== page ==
PL 14-19 18/19 Judicial review - some background points ( :bulb:Why is JR…
PL 14-19 18/19 Judicial review - some background points
Mainly court orders (quashing order/prohibitory order/ mandatory order/declaration/injunction
Damages: possible but unusual
i.e.: what are the preliminary requirements which must be satisfied before a substantive application for the judicial review of a decision can be heard?
Main grounds of JR
(of the decision making process)
(need for govt to
act fairly in accordance with proper procedure)
Why is JR important in a
JR satisfies rule of law requirements in various ways - e.g. generous rules on standing - courts are increasingly accepting challenges from a range of interested parties; courts are being less strict about amenability: expansion of scope of JR to bodies that aren't purely 'public'; disregarding of full ouster clauses.
Also upholds interests of state/general public interest (i.e. general executive efficiency) ; achieves through v tight time limits; and arguably through procedural exclusivity (though courts are more flexible now).
- courts are upholding the will of Parliament by making sure gov't acts in accordance with Parl's wishes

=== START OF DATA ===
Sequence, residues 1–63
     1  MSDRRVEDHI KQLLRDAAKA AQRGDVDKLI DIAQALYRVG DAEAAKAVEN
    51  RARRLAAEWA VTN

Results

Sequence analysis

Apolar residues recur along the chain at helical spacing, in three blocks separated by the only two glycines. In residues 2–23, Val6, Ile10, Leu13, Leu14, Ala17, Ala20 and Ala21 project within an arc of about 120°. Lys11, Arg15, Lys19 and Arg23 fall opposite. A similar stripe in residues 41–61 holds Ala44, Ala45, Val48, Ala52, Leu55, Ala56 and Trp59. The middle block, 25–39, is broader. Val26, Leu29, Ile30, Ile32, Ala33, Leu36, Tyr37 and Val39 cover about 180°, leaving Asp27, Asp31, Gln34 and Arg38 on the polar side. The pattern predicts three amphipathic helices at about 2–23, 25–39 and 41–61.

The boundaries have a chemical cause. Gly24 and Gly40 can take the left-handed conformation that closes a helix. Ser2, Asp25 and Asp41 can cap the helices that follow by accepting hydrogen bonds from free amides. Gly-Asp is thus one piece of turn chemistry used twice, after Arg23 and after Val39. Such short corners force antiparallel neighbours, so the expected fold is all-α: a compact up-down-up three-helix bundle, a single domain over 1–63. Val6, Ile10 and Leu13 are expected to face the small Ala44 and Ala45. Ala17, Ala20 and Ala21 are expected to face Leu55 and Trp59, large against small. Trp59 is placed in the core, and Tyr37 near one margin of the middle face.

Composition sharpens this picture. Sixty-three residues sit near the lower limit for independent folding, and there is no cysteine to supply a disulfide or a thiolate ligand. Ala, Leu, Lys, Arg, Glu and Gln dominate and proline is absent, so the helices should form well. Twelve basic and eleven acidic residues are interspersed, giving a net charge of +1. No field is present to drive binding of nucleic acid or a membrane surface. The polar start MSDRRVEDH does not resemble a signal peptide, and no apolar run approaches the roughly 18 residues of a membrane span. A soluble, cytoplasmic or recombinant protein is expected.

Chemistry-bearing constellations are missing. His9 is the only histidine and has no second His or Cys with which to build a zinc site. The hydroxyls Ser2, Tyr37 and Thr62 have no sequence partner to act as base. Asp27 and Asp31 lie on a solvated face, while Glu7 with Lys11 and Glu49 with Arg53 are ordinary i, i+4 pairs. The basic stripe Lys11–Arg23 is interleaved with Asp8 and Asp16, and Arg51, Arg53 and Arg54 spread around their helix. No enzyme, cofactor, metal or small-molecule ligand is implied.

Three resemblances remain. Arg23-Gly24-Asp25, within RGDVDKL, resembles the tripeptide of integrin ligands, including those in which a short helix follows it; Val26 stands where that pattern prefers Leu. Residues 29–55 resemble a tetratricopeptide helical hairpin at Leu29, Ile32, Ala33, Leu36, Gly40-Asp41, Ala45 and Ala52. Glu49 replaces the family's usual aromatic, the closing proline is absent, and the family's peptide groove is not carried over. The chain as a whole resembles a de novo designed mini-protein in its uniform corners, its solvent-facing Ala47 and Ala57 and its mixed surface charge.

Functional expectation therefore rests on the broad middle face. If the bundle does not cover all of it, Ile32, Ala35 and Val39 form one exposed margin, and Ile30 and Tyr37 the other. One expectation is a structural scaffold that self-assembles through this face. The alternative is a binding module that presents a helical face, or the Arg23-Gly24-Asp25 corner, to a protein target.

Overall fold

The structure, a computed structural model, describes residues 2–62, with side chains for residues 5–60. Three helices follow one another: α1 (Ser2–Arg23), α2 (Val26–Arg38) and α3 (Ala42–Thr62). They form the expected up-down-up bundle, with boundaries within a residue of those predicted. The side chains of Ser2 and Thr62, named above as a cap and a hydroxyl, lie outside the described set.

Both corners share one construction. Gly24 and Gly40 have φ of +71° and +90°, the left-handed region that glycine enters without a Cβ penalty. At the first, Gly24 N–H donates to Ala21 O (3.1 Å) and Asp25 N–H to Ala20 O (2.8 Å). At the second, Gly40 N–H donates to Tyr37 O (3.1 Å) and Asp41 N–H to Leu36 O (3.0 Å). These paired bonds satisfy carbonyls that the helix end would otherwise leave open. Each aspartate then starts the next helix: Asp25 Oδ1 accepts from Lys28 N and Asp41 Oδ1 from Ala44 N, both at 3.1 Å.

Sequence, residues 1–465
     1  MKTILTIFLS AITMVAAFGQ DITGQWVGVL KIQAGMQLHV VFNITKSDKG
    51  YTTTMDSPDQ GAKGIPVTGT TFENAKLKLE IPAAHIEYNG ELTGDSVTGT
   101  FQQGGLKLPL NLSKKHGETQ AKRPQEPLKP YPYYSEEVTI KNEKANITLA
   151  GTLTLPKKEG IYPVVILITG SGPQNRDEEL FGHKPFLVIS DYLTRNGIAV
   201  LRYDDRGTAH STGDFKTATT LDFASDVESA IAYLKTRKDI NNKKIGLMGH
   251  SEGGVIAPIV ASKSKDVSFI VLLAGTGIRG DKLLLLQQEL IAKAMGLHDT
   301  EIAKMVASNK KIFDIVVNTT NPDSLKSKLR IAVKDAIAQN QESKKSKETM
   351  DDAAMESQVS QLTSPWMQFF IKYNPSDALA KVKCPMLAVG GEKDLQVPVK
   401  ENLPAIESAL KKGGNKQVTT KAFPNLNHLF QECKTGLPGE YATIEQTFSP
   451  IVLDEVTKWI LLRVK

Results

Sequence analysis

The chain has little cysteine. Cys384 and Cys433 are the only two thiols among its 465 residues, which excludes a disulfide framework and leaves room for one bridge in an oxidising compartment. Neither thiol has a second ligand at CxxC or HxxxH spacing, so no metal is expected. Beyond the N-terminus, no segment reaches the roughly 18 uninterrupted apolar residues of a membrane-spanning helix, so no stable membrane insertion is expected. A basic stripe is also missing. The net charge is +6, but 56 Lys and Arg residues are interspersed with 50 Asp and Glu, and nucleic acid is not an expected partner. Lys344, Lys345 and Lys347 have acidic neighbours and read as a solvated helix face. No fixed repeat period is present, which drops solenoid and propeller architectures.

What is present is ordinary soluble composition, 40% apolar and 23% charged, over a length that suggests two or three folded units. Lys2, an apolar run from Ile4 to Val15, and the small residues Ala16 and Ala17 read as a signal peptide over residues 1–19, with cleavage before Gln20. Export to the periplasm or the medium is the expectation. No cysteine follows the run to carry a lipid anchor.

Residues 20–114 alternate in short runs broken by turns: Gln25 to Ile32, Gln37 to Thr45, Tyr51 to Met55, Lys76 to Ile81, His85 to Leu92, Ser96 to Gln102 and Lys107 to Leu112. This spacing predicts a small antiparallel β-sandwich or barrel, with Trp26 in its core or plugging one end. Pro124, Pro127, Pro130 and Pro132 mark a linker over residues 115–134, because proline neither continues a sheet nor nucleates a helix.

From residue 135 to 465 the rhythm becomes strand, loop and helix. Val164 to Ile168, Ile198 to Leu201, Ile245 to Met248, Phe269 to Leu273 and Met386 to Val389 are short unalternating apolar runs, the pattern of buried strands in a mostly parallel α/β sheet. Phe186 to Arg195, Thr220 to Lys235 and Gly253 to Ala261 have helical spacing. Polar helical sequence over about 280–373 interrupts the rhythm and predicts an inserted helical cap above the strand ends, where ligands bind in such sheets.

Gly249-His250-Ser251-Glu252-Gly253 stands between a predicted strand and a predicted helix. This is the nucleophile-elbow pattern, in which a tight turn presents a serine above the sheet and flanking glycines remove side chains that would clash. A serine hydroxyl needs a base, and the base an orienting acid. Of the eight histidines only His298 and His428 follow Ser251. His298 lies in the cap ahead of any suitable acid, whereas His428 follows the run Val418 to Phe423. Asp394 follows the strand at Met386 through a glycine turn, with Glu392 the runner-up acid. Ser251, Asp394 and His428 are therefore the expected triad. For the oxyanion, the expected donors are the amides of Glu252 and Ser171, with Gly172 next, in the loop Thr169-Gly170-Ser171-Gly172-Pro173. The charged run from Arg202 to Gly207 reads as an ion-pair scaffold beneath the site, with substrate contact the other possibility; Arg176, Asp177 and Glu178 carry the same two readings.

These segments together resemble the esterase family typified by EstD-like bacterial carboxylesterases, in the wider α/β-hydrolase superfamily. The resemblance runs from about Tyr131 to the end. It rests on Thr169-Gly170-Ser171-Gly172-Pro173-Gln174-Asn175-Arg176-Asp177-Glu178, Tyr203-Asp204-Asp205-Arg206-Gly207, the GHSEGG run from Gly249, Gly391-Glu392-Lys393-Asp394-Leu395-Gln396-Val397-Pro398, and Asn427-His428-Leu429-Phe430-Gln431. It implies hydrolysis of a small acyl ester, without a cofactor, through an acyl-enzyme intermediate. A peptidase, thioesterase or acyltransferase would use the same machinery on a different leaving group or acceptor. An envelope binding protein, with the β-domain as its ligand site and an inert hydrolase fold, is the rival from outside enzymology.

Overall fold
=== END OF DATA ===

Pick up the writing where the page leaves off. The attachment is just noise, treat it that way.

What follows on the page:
- courts ensure everyone, including the executive, acts according to the law
Rule of Law
in action' - ensures the executive acts in accordance with the law - holding the executive to account
What is JR?
What are the limitations of JR?
A number of preliminary requirements must be met in order for JR to proceed
Judiciary may only review the validity of the decision/process - may not assess the merits of the decision
(Limitations ensure that JR is compliant with SoP; PSov)
JR is one part of administrative law. More and more governmental agencies exist to deal with a variety of areas: JR is an area of law that has greatly expanded with the expansion of government.
The mechanism by which the judiciary ensures - by scrutinising the actions of public authorities & officials) that the executive acts within powers it has been granted by Parliament - that decisions have been made in the correct way/that the relevant powers have not been exceeded/abused
: the procedure allows the courts to look at whether a decision has been made
according to law (i.e. the courts are not looking at the
of the decision)